While he has been a staple in the clinical practice for more than two decades, Dr. Pareek is most revered for his contributions to teaching physics to our residents. “When I started teaching, I wanted to make sure that Physics “stuck” with each resident. It seemed like they would learn it one year, then forget what they’ve learned the next. So I wanted them to take physics training each and every year or their training – then they’d remember it.” Through the support of the Chairman and the Residency Program leader, his wish was granted. The results: “We had one resident with the highest score in the nation (Dr. Tres Childs, 2000).”
“My first love is teaching. At first, a teacher teaches what he wants to teach, but over time, a good teacher begins to understand both what the student really wants and needs to learn, what they are grasping and what they are not. You learn not to take learning for granted,” Dr. Pareek said. “The main thing is that we’ve always had good cooperation and teamwork for education in this department, and that has led to an excellent environment for teaching. And I believe that our department is truly one of the best programs in the country at preparing residents.”Top
Robert E. Roth, M.D., Professor, 1st Chair of Radiation Oncology, 1969-1985
A Columbia University graduate, Dr. Roth was working with radiology and tumor treatment in Nashville in 1954, when the Dean of the UAB Medical College, Dr. Robert C. Berson, offered him a position at UAB. Dr. Roth noted, “UAB was just a handful of buildings at that time – not really even UAB yet – and the areas surrounding the campus were very poor. Driving in to the interview, I wondered why I would come here. But, I thought about it and I realized that I could make a difference in the community here. And I saw it as a challenge, so I accepted the position.”
Amongst a number of proud moments, he cited winning a grant that ultimately improved the quality of radiation oncology services in the state, and accordingly, the quality of life for many cancer patients and their families. “The grant led to weekly collaborations with oncologists and other caregivers throughout Alabama. We did a lot of treatment planning for other facilities around the state, and we traveled to them using an old Winnebago.”
Dr. Roth worked at UAB from 1955-1985. He currently resides in Birmingham.Top
Merle M. Salter, M.D., Professor, 2nd Chair of Radiation Oncology, 1986-1995
When Dr. Salter started her radiology residency at UAB, she found that she liked the therapeutic training more than the diagnostic, so when Dr. Roth approached her about becoming the first resident in the new Radiation Oncology program, she accepted. Her passion was foremost for direct patient care. “Dr. Roth had a clinical focus, so I was trained to pursue clinical endeavors. In fact, in the early days Dr. Roth and I used to give chemotherapy to patients since there were no full-time medical oncologists. That was right before Dr. John Durant came to UAB and established Medical Oncology.”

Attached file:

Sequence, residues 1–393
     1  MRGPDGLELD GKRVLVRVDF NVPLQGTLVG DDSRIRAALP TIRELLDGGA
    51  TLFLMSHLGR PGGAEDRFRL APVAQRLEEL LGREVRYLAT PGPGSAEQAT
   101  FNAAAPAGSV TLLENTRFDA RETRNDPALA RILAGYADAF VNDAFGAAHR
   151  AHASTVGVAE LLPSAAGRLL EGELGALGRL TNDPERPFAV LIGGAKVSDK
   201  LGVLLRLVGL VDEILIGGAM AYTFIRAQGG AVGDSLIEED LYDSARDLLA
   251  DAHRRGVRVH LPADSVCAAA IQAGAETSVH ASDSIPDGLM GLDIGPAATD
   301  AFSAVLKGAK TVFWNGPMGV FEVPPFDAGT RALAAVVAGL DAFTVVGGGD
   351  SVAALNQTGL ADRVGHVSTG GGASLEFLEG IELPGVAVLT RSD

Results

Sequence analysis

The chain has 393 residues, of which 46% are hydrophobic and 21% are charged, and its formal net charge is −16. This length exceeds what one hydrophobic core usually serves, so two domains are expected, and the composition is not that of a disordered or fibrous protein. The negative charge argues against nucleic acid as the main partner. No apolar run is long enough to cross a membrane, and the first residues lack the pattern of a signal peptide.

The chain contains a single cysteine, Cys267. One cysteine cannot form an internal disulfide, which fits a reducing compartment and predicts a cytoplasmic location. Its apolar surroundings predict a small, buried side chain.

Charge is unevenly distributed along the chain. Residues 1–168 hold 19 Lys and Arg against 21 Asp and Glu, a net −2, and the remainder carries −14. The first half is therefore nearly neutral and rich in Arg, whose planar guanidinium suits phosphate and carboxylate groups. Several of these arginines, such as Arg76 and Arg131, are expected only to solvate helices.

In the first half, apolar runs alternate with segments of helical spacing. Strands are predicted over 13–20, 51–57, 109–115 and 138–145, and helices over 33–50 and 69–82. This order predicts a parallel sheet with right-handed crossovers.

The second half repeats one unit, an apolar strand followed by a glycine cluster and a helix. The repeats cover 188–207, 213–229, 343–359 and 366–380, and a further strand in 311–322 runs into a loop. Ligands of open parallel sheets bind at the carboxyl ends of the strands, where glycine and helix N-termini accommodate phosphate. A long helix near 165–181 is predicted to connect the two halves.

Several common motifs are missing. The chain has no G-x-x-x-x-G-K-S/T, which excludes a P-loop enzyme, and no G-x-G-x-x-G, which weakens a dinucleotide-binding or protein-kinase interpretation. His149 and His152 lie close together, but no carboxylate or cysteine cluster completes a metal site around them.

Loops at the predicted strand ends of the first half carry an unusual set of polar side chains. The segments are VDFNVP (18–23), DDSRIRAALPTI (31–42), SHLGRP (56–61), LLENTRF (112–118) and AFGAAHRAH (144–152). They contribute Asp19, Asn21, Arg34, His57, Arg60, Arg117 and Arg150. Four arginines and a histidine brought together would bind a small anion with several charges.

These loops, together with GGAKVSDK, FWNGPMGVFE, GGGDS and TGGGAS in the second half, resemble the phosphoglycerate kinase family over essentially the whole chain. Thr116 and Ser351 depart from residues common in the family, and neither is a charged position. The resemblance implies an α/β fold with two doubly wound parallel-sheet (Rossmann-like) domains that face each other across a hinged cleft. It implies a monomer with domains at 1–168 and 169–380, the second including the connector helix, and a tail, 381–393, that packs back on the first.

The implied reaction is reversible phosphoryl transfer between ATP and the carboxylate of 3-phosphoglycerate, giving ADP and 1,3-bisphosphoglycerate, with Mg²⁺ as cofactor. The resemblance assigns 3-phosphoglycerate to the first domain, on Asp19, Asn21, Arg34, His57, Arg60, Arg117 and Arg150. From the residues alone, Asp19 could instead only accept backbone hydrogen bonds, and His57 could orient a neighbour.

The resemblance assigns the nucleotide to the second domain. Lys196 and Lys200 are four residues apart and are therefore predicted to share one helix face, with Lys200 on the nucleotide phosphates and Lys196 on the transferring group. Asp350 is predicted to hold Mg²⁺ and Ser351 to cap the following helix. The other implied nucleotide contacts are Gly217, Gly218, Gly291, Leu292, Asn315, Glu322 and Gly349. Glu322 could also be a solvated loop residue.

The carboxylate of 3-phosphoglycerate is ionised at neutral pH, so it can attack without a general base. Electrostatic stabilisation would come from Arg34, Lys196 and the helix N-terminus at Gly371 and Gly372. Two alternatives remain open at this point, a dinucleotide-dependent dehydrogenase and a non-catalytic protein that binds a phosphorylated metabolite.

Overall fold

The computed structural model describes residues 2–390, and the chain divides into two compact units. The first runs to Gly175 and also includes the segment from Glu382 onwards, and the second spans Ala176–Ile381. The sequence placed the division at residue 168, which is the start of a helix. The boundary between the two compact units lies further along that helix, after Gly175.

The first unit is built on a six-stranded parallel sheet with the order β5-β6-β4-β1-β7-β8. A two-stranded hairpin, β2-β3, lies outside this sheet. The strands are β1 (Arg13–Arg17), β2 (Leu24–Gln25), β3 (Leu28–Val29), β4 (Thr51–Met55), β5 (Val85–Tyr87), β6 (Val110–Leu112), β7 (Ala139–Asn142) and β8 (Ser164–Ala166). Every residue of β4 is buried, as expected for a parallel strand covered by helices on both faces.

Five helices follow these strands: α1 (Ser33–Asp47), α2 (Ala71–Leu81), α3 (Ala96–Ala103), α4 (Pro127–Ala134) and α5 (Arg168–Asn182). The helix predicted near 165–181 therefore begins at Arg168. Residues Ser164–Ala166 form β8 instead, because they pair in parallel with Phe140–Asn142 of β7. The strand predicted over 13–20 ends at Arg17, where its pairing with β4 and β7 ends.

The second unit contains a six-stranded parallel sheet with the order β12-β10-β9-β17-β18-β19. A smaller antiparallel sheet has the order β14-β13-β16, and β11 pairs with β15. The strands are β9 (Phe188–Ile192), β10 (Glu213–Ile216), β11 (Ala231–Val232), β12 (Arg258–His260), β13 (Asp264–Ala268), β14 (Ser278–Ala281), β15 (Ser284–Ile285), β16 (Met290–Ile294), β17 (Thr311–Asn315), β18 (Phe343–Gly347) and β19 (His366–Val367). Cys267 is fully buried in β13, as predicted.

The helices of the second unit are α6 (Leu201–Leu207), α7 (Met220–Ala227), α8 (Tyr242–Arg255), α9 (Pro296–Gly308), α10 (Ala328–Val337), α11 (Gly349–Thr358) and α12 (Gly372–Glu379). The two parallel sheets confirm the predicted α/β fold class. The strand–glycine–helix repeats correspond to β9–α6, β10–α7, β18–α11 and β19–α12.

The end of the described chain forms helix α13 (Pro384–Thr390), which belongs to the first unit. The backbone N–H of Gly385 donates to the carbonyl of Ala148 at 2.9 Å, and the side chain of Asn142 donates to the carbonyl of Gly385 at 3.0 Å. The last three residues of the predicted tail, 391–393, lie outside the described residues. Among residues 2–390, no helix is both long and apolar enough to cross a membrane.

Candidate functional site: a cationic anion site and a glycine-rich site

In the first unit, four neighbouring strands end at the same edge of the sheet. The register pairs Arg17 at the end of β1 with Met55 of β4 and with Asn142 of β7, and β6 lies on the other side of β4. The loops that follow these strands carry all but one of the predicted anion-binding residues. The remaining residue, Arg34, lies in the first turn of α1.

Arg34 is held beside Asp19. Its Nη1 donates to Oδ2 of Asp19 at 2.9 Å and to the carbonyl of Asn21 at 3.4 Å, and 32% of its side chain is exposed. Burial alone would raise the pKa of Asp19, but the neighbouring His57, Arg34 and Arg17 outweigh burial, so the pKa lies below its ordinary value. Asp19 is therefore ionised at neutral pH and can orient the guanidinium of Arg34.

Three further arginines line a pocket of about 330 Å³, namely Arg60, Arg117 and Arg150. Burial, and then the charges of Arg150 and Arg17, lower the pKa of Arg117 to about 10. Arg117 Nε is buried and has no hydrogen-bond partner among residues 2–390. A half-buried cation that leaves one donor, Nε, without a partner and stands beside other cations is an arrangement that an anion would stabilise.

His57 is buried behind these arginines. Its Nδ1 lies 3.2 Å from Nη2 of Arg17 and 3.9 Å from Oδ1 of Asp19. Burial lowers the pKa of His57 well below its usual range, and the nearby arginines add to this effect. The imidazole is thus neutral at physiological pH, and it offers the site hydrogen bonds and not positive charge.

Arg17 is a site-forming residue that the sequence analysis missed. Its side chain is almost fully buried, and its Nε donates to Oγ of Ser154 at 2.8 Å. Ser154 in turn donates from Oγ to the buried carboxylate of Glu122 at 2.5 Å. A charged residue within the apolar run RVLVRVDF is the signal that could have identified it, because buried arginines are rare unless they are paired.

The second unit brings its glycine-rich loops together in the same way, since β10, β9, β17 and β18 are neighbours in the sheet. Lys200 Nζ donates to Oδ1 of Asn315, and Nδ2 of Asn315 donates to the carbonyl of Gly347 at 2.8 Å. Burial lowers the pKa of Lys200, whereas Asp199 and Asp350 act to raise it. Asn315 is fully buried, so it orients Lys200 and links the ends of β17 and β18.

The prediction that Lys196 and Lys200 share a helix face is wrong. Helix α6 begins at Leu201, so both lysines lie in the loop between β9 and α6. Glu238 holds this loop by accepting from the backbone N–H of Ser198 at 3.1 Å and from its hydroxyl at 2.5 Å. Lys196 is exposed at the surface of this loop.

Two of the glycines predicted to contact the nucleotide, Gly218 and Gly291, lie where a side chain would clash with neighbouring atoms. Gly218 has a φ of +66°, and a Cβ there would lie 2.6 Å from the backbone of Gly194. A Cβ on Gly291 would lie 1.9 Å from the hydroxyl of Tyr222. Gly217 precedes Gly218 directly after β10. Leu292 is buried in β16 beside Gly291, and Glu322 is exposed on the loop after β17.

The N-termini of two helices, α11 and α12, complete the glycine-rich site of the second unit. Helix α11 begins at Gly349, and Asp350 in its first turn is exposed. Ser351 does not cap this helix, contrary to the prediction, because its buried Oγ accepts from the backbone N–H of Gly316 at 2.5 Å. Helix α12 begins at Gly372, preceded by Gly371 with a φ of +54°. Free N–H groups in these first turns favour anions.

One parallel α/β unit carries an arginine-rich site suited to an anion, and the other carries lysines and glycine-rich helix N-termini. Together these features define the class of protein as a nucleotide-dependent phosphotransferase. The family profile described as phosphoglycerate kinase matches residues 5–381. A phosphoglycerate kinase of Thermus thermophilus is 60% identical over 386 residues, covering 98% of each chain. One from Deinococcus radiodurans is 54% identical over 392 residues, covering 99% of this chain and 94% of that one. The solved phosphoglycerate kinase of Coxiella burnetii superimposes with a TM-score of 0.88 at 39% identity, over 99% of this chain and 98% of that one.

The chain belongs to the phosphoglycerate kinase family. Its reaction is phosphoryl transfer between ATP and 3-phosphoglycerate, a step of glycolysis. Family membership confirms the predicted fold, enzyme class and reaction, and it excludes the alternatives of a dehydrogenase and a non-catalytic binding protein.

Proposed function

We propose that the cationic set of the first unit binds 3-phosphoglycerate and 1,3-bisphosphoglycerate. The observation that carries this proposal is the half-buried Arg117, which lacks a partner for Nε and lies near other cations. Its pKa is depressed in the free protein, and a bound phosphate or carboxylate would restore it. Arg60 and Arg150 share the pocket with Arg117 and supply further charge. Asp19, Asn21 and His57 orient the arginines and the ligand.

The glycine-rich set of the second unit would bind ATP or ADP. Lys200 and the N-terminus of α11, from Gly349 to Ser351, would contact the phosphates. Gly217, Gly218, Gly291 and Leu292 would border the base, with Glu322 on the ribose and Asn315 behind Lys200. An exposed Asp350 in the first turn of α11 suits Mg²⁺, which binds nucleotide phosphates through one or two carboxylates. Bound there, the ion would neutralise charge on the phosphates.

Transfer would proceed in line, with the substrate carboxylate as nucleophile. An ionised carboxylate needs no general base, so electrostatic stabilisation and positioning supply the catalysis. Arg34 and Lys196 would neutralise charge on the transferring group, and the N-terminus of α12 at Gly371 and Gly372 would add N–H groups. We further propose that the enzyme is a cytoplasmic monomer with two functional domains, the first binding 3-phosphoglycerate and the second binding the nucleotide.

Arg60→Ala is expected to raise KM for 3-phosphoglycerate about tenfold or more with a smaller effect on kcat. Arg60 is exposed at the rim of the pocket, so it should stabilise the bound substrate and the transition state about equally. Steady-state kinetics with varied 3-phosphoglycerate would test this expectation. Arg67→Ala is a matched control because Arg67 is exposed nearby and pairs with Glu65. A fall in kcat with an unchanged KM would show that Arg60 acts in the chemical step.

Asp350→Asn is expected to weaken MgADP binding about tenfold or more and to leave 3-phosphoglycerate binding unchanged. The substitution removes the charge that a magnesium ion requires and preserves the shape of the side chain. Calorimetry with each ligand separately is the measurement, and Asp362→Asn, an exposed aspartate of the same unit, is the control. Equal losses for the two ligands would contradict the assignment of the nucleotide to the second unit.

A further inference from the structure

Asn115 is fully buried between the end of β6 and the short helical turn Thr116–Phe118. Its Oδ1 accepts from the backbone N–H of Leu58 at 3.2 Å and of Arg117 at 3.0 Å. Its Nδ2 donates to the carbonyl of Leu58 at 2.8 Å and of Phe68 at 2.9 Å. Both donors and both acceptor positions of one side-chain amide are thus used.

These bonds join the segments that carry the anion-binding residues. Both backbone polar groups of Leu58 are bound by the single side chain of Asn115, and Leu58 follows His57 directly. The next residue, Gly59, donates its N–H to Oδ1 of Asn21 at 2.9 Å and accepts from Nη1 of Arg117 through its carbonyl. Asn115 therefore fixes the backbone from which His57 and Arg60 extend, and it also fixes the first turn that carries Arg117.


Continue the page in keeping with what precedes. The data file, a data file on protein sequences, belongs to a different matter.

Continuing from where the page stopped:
When Dr. Roth retired in 1985, Dr. Salter was a likely candidate for the Chair position. However, she initially wasn’t interested in the job. But Dr. Durant, who was at Fox Chase by that time, convinced her to try it for two years. Dr. LoBuglio, former head of the Comprehensive Cancer Center at UAB until his retirement, was involved in the hiring of both the second and third Chairs of the department. He recalled that Dr. Salter “wanted to take care of patients. She initially was apprehensive about the administrative aspects of the position, plus a new push to develop a research program. She ended up doing a fine job.”
Dr. Salter offered: “We couldn’t survive as a center if we didn’t grow, so we began our growth in the clinical research area. We began participating in national studies and also doing collaborative research with Medical Oncology on such things as monoclonal antibodies. Then we hired a radiobiologist (Al Lawson, Ph.D.) and a researcher (Dr. Meredith) to really get the program going.”Top
Sharon Spencer, M.D., Professor, 1983-Present
If you want to learn a lot about the accolades of Dr. Spencer, you should speak with anyone except Dr. Spencer. Her peers will speak volumes, but she is not one to dwell upon her past successes. She performed her residency here at UAB, and remained in the department. She has always been a patient volume leading physician. Despite her clinical focus, she works in an academic center because she most enjoys the “collaboration and camaraderie with other specialists.” She states that “the desire to collaborate was “the nature of Dr. Salter, and it was reflected in our practice and in the creation of various multi-disciplinary clinics. Clinical faculty used to treat all kinds of cancers – now everyone is becoming more specialized and even sub-specialized within their subspecialty. You have to work together.”
Known for her exceptional work ethic, Dr. Spencer is said to remind veteran staff of Dr. Salter. “Their styles are very similar,” notes Jill Caranto, emphasizing the word “very”.
The information in this article was compiled through personal interviews and internal research conducted by its author. Every attempt has been made to confirm the accuracy of dates and details as provided by the interview subjects. The article was written by Mark Bassett, Ph.D., MBA, former Operations Director, The UAB Department of Radiation Oncology, June 2008 and updated by Andy Currie, November 2013.